The answers to the top 5 questions about settlement agreements are:
- yes, signing the agreement generally ends your case,
- once executed, the agreement is generally final,
- yes, you can negotiate the terms in the agreement,
- the money can be paid in a structured settlement or in a lump sum, and
- yes, courts can enforce the agreement.
All of these answers bear some explanation.
1. Will signing the settlement agreement end my case?
Yes, when you sign a settlement agreement, you waive your rights to pursue your personal injury claim in court. Once a judge has approved of the terms of the settlement, your case will end.
This is why it is so important to get the legal advice of a personal injury lawyer before agreeing to a settlement. The settlement amount replaces the award that you might receive after a personal injury trial. By agreeing to the settlement, you issue a general release of your rights to continue to pursue your claim.
If you agree to a settlement that is too low, you will be undercompensated. If your injuries get worse, your settlement amount may not cover the increased expenses. In either of these cases, the settlement agreement will be final. Once it has been approved by the court, it cannot be changed to reflect its shortcomings.
2. Can the agreement be changed?
Once a settlement agreement has been signed and approved by the court, it is extremely difficult to change it.
The settlement agreement is the result of a negotiation process. The goal of this process is to incorporate changes to the parties’ circumstances and interests. However, once the agreement is made and signed, it shows that there is mutual agreement to its terms. Backing out of a signed settlement agreement generally requires the consent of both parties. If one party does not consent, the court may only allow the agreement to be dissolved if:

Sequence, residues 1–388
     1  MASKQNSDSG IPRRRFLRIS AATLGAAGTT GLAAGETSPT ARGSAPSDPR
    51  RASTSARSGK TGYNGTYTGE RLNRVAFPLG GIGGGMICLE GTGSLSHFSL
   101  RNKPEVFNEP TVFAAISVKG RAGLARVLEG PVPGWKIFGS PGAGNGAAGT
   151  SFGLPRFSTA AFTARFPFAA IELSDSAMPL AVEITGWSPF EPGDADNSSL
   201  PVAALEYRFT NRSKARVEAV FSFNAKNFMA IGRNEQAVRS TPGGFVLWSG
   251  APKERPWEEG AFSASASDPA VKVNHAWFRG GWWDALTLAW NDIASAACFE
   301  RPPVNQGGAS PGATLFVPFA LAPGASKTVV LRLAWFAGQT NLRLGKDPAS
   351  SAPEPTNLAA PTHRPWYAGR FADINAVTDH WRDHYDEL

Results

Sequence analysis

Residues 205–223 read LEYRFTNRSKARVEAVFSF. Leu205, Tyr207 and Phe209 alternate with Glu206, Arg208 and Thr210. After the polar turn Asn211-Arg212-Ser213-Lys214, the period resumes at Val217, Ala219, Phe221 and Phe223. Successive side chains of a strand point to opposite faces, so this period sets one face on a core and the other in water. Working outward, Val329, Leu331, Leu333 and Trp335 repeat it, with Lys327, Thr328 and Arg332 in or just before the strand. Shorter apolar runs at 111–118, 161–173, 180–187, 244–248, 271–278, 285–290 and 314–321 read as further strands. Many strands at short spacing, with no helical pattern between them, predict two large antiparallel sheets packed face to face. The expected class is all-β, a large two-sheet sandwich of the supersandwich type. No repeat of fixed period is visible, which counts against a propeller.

- the agreement is a contract of adhesion, or a “take-it-or-leave-it” deal,
- there are signs of fraud,
- the agreement is based on a misrepresentation of the truth, or
- the agreement was not made in good faith.
In these cases, the judge may void the entire agreement.
Once the court has approved the settlement agreement, it becomes even more difficult to change its terms. This is because the court’s approval turns the settlement agreement into a court order. Modifying the terms of the court order require the approval of the court, itself. Judges will rarely approve of such changes unless the terms of the agreement violate the law.
Because arguing that the agreement no longer fully compensates you is doomed to fail, it is essential to negotiate a fair settlement offer at the outset.
3. Can I negotiate the terms of a settlement offer?
Yes, though the insurance adjuster making the settlement offer may not say so.
The creation of a settlement agreement is a negotiation. If you do not believe that the insurance company is making a fair settlement offer, you can make a counteroffer. Through a series of offers and counteroffers, a mutually-beneficial agreement can be reached.
This may not be apparent when you are first approached with an initial settlement offer. Many insurance adjusters present the initial offer as a final one. The timing and the amount of the initial offer is designed to make it seem enticing. It usually covers your current medical expenses and is offered right when the medical bills are about to become due. It will not cover your pain and suffering. It also will not cover your future medical expenses or any of your professional losses, like lost wages or reduced earning capacity.